0130-Feature-CVGPS_BlogResearch that may one day use exercise capacity tests to routinely identify early heart disease and a study of blood markers among ethnic groups that may help predict heart risks have each been awarded four-year $2 million Grand Challenge Awards from the American Heart Association.

The awards are part of the AHA’s Cardiovascular Genome-Phenome Study, which funds research to accelerate the discovery of personalized treatments and prevention of cardiovascular diseases. The project enables researchers to simultaneously access massive volumes of data from multiple studies, including the famed Framingham Heart Study and Jackson Heart Study.

Grand Challenge Award recipient Greg Lewis, M.D., director of Massachusetts General Hospital Cardiopulmonary Exercise Laboratory and director of the Massachusetts General Hospital Cardiology Intensive Care Unit in Boston, will investigate if specific tests of cardiorespiratory fitness (exercise capacity) can identify patients who may benefit from early treatment to prevent cardiovascular disease. The research will also examine how lifestyle, genetic variations, inherited family traits and measurements of heart structure and function match with changes in metabolism during exercise.

Lewis noted that although fitness has been shown to be among the most potent predictors of future cardiovascular disease, it is one of the only major risk factors that is not routinely assessed.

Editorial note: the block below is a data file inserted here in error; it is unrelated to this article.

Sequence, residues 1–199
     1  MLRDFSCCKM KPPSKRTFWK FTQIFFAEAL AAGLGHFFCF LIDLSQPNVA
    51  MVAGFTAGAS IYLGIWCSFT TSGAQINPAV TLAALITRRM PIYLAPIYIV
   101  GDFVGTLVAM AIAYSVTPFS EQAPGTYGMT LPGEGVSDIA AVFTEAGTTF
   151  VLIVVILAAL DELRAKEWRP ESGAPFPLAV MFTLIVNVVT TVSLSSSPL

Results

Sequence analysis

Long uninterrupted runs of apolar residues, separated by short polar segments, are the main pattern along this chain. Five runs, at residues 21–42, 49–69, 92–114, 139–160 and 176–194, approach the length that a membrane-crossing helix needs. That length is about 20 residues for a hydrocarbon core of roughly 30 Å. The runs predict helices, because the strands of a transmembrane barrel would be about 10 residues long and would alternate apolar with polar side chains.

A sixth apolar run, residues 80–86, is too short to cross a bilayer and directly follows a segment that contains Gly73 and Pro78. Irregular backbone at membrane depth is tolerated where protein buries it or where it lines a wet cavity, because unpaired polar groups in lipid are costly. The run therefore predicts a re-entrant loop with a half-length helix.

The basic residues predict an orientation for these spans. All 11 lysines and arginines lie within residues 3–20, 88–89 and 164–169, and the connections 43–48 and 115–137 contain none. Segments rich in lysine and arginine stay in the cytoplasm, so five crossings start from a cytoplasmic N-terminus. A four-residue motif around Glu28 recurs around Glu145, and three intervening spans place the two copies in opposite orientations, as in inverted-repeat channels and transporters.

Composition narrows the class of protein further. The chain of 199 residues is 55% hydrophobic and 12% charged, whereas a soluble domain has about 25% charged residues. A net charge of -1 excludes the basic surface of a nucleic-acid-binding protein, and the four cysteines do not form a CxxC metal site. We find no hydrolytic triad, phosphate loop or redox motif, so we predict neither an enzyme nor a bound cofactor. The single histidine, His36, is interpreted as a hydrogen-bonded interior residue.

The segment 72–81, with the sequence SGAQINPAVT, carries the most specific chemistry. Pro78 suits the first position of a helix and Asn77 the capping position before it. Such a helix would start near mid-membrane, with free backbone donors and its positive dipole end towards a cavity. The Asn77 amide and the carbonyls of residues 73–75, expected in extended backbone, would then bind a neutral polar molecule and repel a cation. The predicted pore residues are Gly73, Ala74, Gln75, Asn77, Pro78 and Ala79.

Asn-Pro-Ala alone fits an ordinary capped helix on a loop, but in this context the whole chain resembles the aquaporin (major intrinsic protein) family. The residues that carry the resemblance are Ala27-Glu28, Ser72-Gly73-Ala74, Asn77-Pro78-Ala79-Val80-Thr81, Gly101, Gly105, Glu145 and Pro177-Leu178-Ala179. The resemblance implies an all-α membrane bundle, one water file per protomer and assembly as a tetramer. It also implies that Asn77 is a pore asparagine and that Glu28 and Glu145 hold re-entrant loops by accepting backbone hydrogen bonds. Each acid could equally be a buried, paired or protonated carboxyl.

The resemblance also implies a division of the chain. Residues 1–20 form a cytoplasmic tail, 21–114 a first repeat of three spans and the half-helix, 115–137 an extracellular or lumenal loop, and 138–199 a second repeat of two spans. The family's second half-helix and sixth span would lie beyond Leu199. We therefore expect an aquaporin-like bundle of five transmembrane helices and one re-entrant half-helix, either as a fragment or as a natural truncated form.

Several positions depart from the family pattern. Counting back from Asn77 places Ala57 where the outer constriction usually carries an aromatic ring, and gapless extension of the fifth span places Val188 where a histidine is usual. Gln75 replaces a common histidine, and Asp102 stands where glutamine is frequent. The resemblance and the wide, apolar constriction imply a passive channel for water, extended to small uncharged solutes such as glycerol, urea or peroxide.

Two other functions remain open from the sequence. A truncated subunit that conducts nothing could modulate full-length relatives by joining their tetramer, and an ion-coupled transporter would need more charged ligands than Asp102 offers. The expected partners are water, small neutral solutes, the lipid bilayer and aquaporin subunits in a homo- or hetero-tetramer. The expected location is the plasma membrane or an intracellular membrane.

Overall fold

“This study represents a paradigm shift away from focusing on only resting measurements and a small number of physiologic measurements during exercise in evaluating risk of cardiovascular disease,” Lewis said. “Instead, we will study breath-by-breath measurements of oxygen uptake as well as a broad array of circulating metabolites during exercise in order to understand metabolic responses to exercise in the population and the ability of exercise response patterns to detect and prevent future cardiovascular disease.”

A second grant will be shared by Daniel J. Rader, M.D., professor of molecular medicine and chair of the department of genetics at the Perelman School of Medicine at the University of Pennsylvania, and Jennifer Van Eyk, Ph.D., director of the Advanced Clinical Biosystems Research Institute and director of basic science of the Barbra Streisand Woman’s Heart Center at Cedars-Sinai Medical Center in Los Angeles.

Rader and Van Eyk will generate data on blood protein biomarkers from people of European, African-American and South Asian ancestry and their relationship to genetic variants and risk of heart disease.

“By incorporating genetic variation, we hope to identify novel proteins that are causally related to cardiovascular disease and thus potential new targets for preventive therapies,” Rader said.

The hope is to use the information to make a test that can be used at a family doctor’s visit or in the hospital, Van Eyk added.

The CVGPS Grand Challenge Awards seek to discover new knowledge that leads to more targeted, safer and more effective treatments based on a deeper understanding of patients’ characteristics.

“These studies have a high likelihood of identifying novel bases of human disease by using new elements of protein markers coupled with patient-based phenotype data,” said Steven Houser, Ph.D., a member of the CVGPS science oversight committee and director of the Cardiovascular Research Center at Temple University School of Medicine in Philadelphia. “We think these studies will help us better understand how we can personalize care to prevent cardiovascular disease.”